Korey Mensch is an owner and grower at the commercial greenhouse in Avon. Thanks to Mensch for his down-home tips as spring approaches.
“When the days start getting longer and spring is approaching I always hear ‘Can’t wait to get out there.’ What is stopping you?” Mensch said.
• While the ground is still frozen, it’s time to start that cleanup session. Get out to your beds and gardens and get all that debris off to expose that soil so it can start to warm and thaw.
• When thawed out, don’t waste any time, get the ground worked up. Expose the weed seeds that have blown into some good conditions and get a lot of them to germinate. Work the soils several times with 10-14 days in between to make weeding during the summer months a much easier job.
• After getting worked several times, your soil should be fluffed and ready to plant, but still don’t bother to rush. You should always plant early if you want to plant twice. Springs around here are so unpredictable, that there is no definite date to set yourself for starting. When the long range forecast starts to eliminate frost, it is time to plant only the hardier crops like broccoli, cabbage, cauliflower, kale, radish and on. Planting should be spread out for the more sensitive crops. For example, sweet potatoes shouldn’t be planted until the ground is downright hot and the nights are staying warm.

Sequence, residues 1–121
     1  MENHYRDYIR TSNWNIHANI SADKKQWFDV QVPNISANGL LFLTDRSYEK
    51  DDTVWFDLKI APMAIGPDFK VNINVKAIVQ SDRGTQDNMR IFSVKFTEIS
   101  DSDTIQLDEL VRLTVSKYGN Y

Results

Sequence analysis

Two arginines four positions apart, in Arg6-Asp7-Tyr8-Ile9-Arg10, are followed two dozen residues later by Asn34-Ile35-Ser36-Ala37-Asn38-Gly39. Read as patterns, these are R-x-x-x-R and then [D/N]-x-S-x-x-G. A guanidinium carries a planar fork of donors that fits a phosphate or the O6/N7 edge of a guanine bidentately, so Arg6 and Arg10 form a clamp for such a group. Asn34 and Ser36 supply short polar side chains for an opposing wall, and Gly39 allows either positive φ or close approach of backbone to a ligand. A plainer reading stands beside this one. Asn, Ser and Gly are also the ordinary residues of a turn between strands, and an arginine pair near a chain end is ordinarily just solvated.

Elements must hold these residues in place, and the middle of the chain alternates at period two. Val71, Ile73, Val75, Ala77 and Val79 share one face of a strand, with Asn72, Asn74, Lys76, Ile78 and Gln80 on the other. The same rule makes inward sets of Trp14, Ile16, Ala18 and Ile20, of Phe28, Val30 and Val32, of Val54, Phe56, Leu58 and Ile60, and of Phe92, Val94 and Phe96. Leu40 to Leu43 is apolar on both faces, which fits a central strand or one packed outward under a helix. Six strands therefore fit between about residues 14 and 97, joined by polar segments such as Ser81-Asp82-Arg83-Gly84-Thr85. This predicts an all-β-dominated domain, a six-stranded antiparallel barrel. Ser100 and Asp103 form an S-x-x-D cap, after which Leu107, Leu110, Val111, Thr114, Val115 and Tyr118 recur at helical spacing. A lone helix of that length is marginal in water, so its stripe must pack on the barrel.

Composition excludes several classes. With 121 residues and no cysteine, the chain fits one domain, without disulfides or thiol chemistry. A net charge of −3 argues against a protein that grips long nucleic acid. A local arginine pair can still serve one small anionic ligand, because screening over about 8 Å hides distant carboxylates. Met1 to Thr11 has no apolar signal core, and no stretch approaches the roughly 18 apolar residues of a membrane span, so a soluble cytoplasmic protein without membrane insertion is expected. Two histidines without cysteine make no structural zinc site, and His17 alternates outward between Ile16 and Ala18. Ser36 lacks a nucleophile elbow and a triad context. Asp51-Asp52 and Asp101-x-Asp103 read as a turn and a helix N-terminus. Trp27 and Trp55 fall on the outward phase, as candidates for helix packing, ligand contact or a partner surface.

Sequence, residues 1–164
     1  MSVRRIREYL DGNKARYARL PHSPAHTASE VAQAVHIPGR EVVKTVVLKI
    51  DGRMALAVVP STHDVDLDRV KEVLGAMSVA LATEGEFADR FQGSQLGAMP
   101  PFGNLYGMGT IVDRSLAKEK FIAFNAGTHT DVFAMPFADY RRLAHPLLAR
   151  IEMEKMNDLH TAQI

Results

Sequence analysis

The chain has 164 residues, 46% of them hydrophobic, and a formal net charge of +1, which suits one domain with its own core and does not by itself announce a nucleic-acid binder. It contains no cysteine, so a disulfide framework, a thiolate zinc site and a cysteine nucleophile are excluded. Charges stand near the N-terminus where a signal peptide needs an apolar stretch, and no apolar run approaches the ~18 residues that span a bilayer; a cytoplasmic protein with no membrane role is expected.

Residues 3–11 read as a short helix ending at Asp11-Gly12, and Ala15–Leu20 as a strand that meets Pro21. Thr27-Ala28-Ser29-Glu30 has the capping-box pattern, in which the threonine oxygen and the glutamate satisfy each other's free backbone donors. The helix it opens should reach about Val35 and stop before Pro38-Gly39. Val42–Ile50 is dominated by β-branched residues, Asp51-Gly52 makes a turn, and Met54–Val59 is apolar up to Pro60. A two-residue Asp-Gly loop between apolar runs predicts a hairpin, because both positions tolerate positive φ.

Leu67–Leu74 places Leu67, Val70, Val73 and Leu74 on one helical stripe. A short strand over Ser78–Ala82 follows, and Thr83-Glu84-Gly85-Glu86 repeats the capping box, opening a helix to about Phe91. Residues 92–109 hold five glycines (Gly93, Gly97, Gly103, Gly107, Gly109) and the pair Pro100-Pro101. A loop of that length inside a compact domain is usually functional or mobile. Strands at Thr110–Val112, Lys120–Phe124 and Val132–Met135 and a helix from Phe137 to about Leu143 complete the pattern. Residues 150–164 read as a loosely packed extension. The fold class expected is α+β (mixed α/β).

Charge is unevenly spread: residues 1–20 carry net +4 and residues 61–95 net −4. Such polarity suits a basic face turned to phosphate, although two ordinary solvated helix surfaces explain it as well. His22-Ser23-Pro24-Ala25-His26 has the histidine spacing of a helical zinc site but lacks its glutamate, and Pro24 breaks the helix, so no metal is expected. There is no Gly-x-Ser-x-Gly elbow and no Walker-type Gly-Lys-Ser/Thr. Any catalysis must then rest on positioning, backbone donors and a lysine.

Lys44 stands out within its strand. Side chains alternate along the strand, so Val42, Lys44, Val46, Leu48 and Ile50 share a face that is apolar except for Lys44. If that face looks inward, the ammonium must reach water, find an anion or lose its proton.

• When planning your planting, don’t be afraid to try something new, whether it’s a new variety of tomato or flowering perennial. New is usually good. New varieties are usually developed with a purpose, be it disease resistance, habit, yield or flower power. The same variety that your grandparents swore by might not be the best option anymore, even if it is available.